# Find minimal set of rows to retain all unique values in each column

Given a matrix, the goal is to ensure all the values in each column occur at least once, while at the same time doing so requiring the least possible amount of rows. Fastest solution wins.

Note: a value in one column (e.g. 1) is considered different from the same value in another column.

Expected output: an array/list/series of row indices that retain all unique values across all columns.

Example data:

import numpy as np
import pandas as pd

np.random.seed(42)

num_rows = 10000
num_cols = 200
max_uniq_values = 10

data = pd.DataFrame({i: np.random.randint(0, max_uniq_values, num_rows)
for i in range(num_cols)})
# or python
# data = [np.random.randint(0, max_uniq_values, num_rows).tolist()
#         for i in range(num_cols)]


Minimal example (num_rows=5, num_cols=2, max_uniq_values=4)

Input:

    | 0  1
--------
0 | 1  1
1 | 2  2
2 | 3  4
3 | 3  3
4 | 4  4


Expected output:

[0, 1, 3, 4]


• Benchmark will happen on a 2015 Macbook Pro with CPU Intel(R) Core(TM) i7-4870HQ CPU @ 2.50GHz.
• Restricted to use 1 core.
• External libraries allowed
• Blind test will be done on 10 random seeds (the same ones for each solution)
• Wow, ok, your question is poorly worded. You want to SELECT the least number of rows to have unique values in each row for all columns. I definitely did not get that from your Question. – Draco18s no longer trusts SE Sep 10 '19 at 19:59
• Your example is really confusing because you're saying 2 columns, but the example contains 3 columns. Please don't copy/paste from Pandas and consider re-writing the question using pure Python. – mmla Sep 11 '19 at 13:17
• Your own question states "all the values in each column occur..." If all columns don't matter, then this statement is wrong. – Draco18s no longer trusts SE Sep 11 '19 at 13:22
• @mmla The "first" column is the row index. It's not part of the data set. Which is why there's a blank spot on the first row/first column area. – Draco18s no longer trusts SE Sep 11 '19 at 13:23
• @Draco18s Yes, I know. It adds nothing to the problem statement. Why include it? – mmla Sep 11 '19 at 14:14

# Python3 + PuLP library

This is equivalent to a set covering problem (where the elements are column/value pairs) which can be transformed into an integer linear programming problem.

from pulp import *

def opt(mat):
num_rows = len(mat)
covering_rows = {}
for row_nr, vals in enumerate(mat):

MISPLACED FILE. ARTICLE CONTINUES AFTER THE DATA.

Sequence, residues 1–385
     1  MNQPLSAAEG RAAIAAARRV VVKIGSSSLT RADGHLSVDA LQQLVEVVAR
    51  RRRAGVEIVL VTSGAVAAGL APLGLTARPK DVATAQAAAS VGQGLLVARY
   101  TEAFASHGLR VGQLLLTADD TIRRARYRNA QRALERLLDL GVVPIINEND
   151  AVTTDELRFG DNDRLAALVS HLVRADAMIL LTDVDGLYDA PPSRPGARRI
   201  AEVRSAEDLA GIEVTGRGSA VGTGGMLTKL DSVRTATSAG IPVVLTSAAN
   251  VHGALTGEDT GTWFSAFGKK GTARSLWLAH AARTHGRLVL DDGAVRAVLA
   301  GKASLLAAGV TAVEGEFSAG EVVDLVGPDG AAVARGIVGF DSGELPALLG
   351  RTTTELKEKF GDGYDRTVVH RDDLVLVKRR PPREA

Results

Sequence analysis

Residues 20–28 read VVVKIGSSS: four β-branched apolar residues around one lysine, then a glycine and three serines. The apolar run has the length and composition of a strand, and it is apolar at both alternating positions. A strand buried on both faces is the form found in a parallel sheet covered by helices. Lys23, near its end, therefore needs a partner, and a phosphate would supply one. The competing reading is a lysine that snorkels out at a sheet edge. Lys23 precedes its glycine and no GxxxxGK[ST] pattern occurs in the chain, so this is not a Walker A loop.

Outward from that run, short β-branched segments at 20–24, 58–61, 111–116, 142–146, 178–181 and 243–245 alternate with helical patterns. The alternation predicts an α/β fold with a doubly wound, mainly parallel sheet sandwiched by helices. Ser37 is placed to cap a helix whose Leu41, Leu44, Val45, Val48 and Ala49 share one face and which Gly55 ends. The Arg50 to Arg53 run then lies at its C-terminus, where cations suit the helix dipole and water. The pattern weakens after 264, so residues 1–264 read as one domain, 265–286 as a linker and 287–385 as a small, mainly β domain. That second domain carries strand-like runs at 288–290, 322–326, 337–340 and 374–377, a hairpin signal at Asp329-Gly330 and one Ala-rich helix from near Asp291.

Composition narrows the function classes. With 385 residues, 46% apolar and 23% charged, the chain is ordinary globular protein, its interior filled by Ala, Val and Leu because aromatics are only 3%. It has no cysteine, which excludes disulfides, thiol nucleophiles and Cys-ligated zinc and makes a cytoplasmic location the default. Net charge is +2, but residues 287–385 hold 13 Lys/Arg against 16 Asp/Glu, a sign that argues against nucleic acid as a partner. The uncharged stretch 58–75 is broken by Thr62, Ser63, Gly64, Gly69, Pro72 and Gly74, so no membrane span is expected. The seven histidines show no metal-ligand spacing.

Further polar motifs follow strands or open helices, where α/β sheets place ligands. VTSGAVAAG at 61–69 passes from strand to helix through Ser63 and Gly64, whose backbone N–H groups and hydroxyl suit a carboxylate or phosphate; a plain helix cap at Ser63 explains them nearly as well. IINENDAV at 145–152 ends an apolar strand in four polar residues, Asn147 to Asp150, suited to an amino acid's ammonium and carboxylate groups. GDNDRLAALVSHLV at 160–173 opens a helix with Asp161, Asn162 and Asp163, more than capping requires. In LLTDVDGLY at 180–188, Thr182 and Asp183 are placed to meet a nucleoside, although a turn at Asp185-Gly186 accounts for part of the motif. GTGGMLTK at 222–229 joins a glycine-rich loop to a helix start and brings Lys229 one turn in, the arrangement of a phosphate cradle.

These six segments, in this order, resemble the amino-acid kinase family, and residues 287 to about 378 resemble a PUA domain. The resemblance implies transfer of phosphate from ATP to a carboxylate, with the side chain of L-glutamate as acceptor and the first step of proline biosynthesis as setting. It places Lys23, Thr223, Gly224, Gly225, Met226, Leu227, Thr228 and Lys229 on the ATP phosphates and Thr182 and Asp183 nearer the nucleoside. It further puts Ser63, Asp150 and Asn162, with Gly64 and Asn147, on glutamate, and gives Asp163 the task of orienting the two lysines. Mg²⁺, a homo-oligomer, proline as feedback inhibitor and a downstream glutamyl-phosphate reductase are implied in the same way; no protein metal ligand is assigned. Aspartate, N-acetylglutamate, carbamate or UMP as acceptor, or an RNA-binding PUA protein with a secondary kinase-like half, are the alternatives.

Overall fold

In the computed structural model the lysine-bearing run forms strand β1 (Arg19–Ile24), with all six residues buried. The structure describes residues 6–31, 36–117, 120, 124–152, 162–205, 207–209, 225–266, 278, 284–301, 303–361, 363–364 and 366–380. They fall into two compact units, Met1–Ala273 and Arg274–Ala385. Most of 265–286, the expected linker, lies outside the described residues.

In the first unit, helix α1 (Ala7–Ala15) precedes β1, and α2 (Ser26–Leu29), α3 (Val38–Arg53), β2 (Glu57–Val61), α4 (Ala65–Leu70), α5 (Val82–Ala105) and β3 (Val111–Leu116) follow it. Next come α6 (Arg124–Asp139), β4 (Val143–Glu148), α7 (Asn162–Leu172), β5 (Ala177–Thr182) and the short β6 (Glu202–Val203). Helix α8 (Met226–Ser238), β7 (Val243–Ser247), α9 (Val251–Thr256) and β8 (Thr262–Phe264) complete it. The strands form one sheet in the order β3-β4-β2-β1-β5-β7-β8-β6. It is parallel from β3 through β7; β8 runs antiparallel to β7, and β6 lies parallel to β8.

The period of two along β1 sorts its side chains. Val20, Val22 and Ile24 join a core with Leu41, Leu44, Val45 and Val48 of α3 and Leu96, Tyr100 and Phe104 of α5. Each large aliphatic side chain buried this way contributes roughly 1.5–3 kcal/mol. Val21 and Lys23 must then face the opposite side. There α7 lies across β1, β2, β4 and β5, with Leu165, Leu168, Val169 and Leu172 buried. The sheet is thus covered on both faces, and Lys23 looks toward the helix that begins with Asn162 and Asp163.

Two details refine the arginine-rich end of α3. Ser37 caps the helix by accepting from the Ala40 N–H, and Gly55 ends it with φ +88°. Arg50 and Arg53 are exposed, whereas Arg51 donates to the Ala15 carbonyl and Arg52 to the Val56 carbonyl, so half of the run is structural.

for pair in enumerate(vals):
covering_rows.setdefault(pair, []).append(row_nr)
prob = LpProblem("Minimal Covering Set of Rows", LpMinimize)
vars = LpVariable.dicts("R", range(num_rows), 0, 1, LpInteger)
prob += lpSum([vars[i] for i in range(num_rows)])
for rowlist in covering_rows.values():
prob += lpSum([vars[r] for r in rowlist]) >= 1
prob.solve()
assert prob.status==LpStatusOptimal, "Couldn't solve"
return [r for r in range(num_rows) if value(vars[r])==1]


On debian, the relevant package is called python3-pulp.

The function handles matrices with 20 columns and 100 rows in about one minute on weak hardware. The best way to substantially improve the speed is probably to use a better solver, which the PuLP library allows by adding an argument to the solve method call.

• I am not sure what transformation is expected from the DataFrame example to be taken as input for opt? – PascalVKooten Sep 27 '19 at 6:51
• @PascalVKooten The function takes an ordinary list of lists, so the small example is computed like this: opt([[1,1],[2,2],[3,4],[3,3],[4,4]]). – Christian Sievers Sep 27 '19 at 7:26
• Thanks! It is very slow but it is a solution that gets an optimal result. The alternative of doing a greedy solution is much faster, but at the cost of not giving an optimal solution. – PascalVKooten Sep 27 '19 at 8:23
• I was not able to find an optimizer that gave me a faster solution than 1 minute. – PascalVKooten Sep 27 '19 at 8:23
• You asked for a minimal set, not a small one. I don't think you can do that much faster. Asking for the best solution one can get in a fixed time would have been another interesting challenge. What input sizes did you use in your tests? – Christian Sievers Sep 27 '19 at 8:54